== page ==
Swept away by the rain and battered by a hurricane, the Black Cats weathered a Pompey characterize of biblical dimensions. For large parts, it was brutal viewing.
Lee Johnson sought assistance from the natural elements, a desperate allurement designed to throw a lifeline and thereby spare a drowning team which deserved little leniency.
Crucially, referee Ben Toner was unmoved by calculated calls for abandonment on the grounds of an unplayable Fratton Park surface.
Granted, amid torrential downpours the pitch became saturated, rendered considerably more problematic to play on as Saturday’s match progressed towards its soggy conclusion.
Puddles appeared in the second half, the ball was unable to roll freely in some parts, grinding to a stop by excess water, particularly on flanks and in corners.
The League One leaders found themselves 4-0 down and wanting the game called off. Of course, all sides would set afloat a similar scramble for the lifeboats, let us not pretend football is constructed upon admirable principles and noble honour.
Certainly Johnson should not be castigated for his second-half crusade to declare the match null and void, although, admittedly, his antics – backed up by Sunderland’s players – swiftly became tiresome.
For those with long memories, it echoed the infamous visit of Leicester City in November 2002, when Blues boss Harry Redknapp failed to influence a postponement with his table-topping side trailing 2-0 to their promotion rivals.
That event was epitomised by Mark Burchill rounding keeper Ian Walker, only to be impeded by a puddle and ending up shooting into the side-netting.
Almost 19 years later, it was the visiting manager pressuring the match officials, however his increasingly frenzied pleas fell on water-confined ears.
On Saturday, Sunderland deserved everything they got – as did bright Pompey.
No excuses, no tales of woe, the weather didn’t favour one team over the other. The Black Cats were hammered 4-0 by the far superior side on a sodden south coast afternoon.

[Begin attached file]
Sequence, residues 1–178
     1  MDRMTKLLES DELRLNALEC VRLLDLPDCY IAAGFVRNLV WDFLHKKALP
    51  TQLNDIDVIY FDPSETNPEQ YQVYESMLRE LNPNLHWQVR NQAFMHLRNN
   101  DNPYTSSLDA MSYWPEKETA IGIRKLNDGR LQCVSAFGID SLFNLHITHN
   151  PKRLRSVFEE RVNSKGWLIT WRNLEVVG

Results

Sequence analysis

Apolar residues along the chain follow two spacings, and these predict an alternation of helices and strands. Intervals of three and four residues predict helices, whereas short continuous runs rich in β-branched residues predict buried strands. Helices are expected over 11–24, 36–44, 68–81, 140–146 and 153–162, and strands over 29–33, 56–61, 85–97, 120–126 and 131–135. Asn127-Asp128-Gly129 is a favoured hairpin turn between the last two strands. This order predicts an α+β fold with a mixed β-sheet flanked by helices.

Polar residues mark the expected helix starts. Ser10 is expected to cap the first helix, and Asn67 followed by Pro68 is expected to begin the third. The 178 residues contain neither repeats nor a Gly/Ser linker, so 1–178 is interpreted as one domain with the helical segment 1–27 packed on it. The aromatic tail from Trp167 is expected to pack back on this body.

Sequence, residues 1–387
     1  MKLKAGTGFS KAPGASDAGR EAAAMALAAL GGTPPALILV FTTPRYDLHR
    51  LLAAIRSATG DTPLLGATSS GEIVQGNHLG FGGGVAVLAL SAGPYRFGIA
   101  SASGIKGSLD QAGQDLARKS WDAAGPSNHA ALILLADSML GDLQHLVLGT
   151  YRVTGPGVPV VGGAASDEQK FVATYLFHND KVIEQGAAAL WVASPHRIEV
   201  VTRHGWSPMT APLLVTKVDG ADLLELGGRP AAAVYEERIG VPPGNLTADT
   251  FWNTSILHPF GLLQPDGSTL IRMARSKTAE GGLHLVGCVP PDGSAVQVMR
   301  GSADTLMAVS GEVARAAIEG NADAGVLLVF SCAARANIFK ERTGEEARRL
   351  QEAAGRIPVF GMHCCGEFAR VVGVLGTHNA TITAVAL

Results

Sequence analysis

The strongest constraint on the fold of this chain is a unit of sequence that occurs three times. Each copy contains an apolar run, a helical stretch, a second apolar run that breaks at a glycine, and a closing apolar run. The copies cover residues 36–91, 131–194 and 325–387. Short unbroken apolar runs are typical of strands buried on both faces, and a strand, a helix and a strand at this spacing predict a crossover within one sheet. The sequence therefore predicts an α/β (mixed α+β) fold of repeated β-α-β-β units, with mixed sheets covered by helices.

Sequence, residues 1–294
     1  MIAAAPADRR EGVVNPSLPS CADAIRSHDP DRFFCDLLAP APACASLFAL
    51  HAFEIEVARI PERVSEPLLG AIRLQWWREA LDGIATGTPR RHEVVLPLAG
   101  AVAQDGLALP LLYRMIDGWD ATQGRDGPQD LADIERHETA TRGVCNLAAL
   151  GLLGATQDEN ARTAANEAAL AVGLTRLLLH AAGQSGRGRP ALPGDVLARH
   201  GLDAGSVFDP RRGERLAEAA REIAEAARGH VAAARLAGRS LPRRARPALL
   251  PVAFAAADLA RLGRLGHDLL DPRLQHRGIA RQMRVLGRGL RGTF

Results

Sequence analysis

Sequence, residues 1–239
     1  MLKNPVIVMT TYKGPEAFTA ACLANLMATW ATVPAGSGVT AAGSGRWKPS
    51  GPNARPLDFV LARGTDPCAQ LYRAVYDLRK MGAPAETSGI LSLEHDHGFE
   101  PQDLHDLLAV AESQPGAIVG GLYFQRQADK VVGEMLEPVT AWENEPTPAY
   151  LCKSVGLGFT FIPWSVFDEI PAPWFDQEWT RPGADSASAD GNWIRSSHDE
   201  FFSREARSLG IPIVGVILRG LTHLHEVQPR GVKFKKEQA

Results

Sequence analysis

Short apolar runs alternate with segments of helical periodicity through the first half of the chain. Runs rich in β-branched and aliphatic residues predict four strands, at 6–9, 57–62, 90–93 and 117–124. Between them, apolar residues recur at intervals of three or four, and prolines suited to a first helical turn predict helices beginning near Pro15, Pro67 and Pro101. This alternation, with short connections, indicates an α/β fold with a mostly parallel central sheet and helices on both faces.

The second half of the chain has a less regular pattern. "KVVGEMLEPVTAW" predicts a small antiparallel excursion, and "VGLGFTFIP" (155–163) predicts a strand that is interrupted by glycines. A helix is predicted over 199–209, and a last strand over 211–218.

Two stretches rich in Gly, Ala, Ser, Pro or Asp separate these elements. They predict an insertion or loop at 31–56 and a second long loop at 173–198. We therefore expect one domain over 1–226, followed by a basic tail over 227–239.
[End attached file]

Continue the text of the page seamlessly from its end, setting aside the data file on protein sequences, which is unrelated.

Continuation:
How Danny Cowley and his troops needed such a raise too. A wretched run of eight matches without victory, with their most recent loss at Burton in the week, had prompted tempers to fray a little.
Hostilities had turned on owners Tornante and their financial handling of the club’s footballing affairs. It’s to be expected that sights would soon also be trained on the head coach.
Performances, Burton aside, had improved of late with at last the discovery of a goal touch, albeit offset by conceding twice in each of their past four fixtures.
It had been a month-and-a-half since the Blues lasted tasted triumph, condemning them to 13th place during what is, realistically, a season of rebuild instead of promotion aspiration.
Considering the precarious situation heading into a Fratton Park clash with League One’s table toppers, it was perhaps surprising that Cowley named the same line-up for a fourth straight match.
Truly a bold selection decision by the Blues boss. Whether it was a exceptional show of faith in his first-team or damning indictment of his trust in border players, can be open to argue.
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Nonetheless, it was a gutsy call which, with some inevitability, was not particularly well received by supporters before kick-off.